A new station location for Claremont’s 38 full-time sworn officers, three reserve officers and numerous support staff has been selected: 3.24 acres from Holliday Rock adjacent to the city yard, with all police functions to be built on the acquired land.
The design includes a main headquarters constructed to meet safety requirements, as well as a separate, free-standing support building to house evidence storage and other records that are not considered essential during a state of emergency.
Opponents to the parcel measure have set up a website, www.abetterpolicestation.com, urging residents to vote “No” on the police station parcel tax. Neither individual in charge of the website wanted to speak on record.
By comparison, the city of Montclair revealed its new, 45,342-square-foot police station in 2008 at a cost of $24 million. The station—designed by famed architect Randall Stout to match the mountains behind it—features an indoor shooting range and currently houses 53 sworn officers and 35 staffers who serve the city’s 36,664 residents.
Chief Cooper says that although the proposed Claremont public safety facility will be comparable in size, it won’t have the bells and whistles of Montclair’s police headquarters.
“The only thing that’s on the books right now is an 800-square-foot physical fitness area, with the police officers’ associations putting in the money to install equipment,” Chief Cooper says. “There is nothing right now in the plans for an indoor range or anything like that. “
A large portion of the funding, if approved, will be directed to updating the Claremont jail to current California State of Correction standards.
“We don’t have intox cells, which are basically rubber rooms so you can take someone who is intoxicated that may fall down. You don’t want them to fall on the concrete,” he says. “When this station was developed, if you’ve been arrested and detectives want to interview you, they have to actually take you out of the jail. If you were smart enough to see the exit signs, you could bolt. Now, jails are built with the interview rooms within a secure area so you’re not within earshot of perhaps the two other people you were arrested with.”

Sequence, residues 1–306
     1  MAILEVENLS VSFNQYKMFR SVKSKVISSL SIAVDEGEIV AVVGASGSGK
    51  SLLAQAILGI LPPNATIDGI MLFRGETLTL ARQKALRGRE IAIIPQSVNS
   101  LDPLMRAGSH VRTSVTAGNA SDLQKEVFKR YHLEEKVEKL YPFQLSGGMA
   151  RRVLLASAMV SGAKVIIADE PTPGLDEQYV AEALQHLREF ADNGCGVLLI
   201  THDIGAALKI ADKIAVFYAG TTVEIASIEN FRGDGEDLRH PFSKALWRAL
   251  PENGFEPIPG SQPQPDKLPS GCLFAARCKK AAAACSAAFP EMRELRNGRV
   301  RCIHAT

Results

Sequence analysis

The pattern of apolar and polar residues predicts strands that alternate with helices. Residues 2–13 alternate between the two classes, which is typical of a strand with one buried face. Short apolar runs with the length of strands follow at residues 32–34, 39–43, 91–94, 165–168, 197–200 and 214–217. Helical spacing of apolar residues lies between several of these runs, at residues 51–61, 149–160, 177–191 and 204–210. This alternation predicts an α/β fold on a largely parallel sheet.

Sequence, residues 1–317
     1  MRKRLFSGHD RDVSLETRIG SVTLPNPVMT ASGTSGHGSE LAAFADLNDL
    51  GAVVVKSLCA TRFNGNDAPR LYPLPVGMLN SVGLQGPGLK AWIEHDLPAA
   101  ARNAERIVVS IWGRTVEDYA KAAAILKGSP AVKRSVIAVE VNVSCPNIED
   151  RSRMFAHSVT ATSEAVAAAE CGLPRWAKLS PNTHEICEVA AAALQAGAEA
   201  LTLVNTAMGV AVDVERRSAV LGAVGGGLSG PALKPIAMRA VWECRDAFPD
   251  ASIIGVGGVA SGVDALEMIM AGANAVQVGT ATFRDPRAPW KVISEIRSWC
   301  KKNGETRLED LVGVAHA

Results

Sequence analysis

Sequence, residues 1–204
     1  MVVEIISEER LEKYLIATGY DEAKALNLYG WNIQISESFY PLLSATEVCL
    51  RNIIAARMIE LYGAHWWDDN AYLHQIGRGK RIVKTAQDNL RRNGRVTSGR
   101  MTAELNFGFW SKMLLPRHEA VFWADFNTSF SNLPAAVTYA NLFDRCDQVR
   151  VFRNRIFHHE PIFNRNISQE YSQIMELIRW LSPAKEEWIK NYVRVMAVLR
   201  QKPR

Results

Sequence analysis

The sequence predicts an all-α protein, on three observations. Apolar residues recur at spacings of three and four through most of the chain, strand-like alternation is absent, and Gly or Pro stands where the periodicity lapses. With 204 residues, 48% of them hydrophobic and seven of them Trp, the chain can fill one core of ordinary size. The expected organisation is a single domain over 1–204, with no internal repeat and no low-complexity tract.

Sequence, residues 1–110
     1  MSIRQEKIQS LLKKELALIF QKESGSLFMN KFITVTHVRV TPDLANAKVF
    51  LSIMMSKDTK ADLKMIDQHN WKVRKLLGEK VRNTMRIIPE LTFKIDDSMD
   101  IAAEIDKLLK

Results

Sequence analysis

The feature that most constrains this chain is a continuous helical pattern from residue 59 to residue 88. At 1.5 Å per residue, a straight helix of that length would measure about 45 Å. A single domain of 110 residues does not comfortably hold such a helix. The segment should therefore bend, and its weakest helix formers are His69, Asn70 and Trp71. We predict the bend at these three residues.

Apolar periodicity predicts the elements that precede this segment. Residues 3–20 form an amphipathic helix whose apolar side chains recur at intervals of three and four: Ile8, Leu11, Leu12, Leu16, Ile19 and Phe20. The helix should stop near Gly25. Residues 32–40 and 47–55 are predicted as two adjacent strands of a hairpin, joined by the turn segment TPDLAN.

Also, if a female has been arrested and she is in earshot of a male detainee, Claremont police have to close off that cellblock.
“The designs of the jails now allow one-way glass for the jailer looking in instead of the people looking out. They are now separated by block walls so they can’t hear or see each other,” he says. “Now you can use that mixture more to your advantage.”
Unlike the proposed financing in Claremont, the construction of Montclair’s police facility was funded using a special .25 percent city sales tax, a viable option for a city with an abundance of retail options.
At 40 years, a parcel tax will leave Claremont residents with principal and interest payments totaling $119,500,000, according to abetterpolicestation.com. Residents will be paying $8,185 per day for a police station that will be ready to be demolished the day it is paid off, the website purports.
Such concerns aside, Claremont city councilmembers are all in agreement: the city needs a new public safety facility sooner rather than later.
“Doing nothing is going to bring a bigger number down the road,” Opanyi Nasiali said. “I hope the public will pay attention.”
As previously reported, residents are still paying off the $12.5 million general obligation bond approved in 2007 to purchase Johnson’s Pasture, as well as the $48.9 million in general obligation bonds for CUSD’s Measure Y. With the approval of up to $135 million to pay for acquisition of the Claremont water system from Golden State Water, it will be up to the voters to determine if the time is right for this project.